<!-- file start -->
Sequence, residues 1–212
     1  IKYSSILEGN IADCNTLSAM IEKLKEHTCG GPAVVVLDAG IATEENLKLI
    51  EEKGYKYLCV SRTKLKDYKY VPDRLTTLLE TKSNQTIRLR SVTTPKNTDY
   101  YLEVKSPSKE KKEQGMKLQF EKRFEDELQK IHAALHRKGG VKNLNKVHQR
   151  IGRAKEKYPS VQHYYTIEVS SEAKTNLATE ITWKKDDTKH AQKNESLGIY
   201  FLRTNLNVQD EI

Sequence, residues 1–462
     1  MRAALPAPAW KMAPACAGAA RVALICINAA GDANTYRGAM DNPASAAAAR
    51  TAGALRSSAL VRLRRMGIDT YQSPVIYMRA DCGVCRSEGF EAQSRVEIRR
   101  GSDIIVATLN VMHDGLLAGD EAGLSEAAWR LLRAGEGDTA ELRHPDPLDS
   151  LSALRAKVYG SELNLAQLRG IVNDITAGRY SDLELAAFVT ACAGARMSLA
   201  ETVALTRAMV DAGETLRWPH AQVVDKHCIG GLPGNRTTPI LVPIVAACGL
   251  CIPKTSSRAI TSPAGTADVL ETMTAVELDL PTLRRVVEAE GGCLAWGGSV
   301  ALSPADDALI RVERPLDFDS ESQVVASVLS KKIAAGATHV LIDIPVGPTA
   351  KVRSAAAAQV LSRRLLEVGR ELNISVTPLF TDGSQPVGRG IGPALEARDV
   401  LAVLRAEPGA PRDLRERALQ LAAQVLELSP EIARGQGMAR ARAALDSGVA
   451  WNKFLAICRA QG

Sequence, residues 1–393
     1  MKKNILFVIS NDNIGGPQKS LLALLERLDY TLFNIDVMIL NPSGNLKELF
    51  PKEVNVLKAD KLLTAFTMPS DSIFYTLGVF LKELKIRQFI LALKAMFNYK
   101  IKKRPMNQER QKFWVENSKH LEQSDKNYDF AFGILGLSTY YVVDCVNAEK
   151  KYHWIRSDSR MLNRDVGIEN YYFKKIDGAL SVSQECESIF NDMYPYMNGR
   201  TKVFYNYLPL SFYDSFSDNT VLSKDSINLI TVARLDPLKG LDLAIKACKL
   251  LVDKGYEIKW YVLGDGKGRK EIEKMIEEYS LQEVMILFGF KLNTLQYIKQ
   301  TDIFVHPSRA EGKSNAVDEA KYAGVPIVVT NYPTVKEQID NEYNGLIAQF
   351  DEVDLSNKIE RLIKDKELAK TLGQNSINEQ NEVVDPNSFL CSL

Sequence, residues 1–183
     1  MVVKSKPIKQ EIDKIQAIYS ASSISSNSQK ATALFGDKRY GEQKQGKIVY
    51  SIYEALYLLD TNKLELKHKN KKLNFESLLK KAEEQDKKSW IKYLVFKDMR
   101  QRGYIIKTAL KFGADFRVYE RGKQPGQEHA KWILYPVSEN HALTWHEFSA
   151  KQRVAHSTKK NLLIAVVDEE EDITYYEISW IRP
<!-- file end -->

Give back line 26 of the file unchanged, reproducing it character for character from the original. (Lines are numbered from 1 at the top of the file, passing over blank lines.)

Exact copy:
   351  DEVDLSNKIE RLIKDKELAK TLGQNSINEQ NEVVDPNSFL CSL